Feb. 14 (Bloomberg) -- Yemen’s Houthi rebels said they’ll boycott presidential elections set for Feb. 21, though they won’t stop people from voting in their stronghold in northern Saada province.
The rebels, who have fought a sporadic war against the government since 2004, announced their intentions in an e-mailed statement today. At the same time, they said they back separatists in the south trying to prevent voting from taking place in the regions where they represent the majority. Attempts by the government to use force to ensure ballots are cast “would represent an unjustified aggression,” the rebels said.
Under the Gulf-brokered agreement on power transfer, the interim leader and vice president Abdurabu Mansur Hadi will run unopposed to replace the outgoing president, Ali Abdullah Saleh. Saleh signed the deal in November and passed some power to his vice-president. In return, he received immunity from prosecution, as did members of his inner circle.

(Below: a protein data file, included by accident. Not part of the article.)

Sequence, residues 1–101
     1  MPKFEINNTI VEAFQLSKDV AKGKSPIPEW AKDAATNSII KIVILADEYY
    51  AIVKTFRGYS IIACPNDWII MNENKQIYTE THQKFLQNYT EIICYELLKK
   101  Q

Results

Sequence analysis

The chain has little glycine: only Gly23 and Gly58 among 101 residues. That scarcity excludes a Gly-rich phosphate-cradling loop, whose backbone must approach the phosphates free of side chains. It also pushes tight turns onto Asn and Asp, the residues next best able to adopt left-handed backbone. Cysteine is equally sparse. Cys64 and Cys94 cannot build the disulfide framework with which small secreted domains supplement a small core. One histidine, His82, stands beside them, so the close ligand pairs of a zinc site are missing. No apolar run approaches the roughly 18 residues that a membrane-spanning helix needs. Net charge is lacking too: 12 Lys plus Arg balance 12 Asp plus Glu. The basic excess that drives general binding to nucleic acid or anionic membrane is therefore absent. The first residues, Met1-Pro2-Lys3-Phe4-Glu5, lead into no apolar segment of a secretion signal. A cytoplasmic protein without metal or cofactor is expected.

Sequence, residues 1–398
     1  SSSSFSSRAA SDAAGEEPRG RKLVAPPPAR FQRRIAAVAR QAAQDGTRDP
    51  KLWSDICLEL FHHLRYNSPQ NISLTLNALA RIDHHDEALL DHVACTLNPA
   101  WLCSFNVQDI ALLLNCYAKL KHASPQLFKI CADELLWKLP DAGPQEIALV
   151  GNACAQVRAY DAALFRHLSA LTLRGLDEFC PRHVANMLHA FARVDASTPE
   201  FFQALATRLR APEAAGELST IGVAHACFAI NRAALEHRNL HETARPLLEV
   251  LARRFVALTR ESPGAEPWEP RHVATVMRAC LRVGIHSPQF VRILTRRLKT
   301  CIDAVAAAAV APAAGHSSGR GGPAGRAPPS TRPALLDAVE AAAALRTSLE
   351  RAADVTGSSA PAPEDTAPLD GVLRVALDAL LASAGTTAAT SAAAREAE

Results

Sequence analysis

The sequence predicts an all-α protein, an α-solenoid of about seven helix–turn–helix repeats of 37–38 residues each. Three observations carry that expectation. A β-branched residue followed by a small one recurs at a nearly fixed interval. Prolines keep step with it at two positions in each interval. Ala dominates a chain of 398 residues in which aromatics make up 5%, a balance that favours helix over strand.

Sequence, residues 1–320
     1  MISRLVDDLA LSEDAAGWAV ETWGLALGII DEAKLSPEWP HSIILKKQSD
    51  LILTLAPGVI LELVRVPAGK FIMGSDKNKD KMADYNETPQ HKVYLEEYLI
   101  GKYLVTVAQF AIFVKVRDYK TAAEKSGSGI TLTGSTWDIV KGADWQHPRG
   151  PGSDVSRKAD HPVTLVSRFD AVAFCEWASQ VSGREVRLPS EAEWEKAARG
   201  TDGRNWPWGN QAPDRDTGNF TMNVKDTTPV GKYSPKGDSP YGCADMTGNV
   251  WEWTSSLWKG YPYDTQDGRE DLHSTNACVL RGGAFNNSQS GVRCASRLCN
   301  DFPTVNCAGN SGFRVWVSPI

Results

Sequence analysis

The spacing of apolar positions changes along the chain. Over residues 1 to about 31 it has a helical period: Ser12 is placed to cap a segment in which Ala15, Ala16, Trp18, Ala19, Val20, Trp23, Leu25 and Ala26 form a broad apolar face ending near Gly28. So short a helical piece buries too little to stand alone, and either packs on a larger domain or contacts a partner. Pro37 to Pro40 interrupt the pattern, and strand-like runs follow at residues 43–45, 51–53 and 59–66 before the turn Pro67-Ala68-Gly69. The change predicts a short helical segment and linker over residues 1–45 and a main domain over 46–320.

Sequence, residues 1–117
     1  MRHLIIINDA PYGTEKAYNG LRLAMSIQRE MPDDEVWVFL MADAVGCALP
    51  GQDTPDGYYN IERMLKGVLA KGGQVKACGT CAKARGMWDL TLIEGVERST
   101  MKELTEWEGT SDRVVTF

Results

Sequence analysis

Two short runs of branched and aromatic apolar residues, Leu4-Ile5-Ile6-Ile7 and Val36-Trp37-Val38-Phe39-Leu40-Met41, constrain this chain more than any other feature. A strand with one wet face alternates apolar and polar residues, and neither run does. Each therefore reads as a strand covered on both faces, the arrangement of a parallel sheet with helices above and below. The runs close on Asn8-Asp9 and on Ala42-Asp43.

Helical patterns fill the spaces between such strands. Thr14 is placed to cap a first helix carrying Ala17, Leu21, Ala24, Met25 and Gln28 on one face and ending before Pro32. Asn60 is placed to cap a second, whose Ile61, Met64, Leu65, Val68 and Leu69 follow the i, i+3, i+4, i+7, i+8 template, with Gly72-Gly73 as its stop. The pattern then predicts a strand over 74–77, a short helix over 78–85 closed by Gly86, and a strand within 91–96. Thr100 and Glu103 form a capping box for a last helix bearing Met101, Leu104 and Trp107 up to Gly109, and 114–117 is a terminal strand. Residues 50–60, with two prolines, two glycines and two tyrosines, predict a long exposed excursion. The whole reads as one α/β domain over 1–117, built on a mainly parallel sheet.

Hadi, who has been endorsed by all parties represented in parliament, will run the country during a two-year period leading to parliamentary elections and a new constitution.
A southern Yemeni died today while attempting to plant an explosive device at a voting center in the port city of Aden, Fawaz Sharabi, a resident, said by phone.
Members of the southern separatist movement have painted slogans on walls in Aden against the vote that read “no to the election, yes to secession and liberation,” Sharabi said.
Anti-Saleh protests began with rallies in January 2011 that swelled into mass demonstrations as tribesmen and military members joined the movement. Saleh’s crackdown left almost 900 people dead, according to the Yemen Students’ Union. Saleh has put the death toll on the government side at 1,150.
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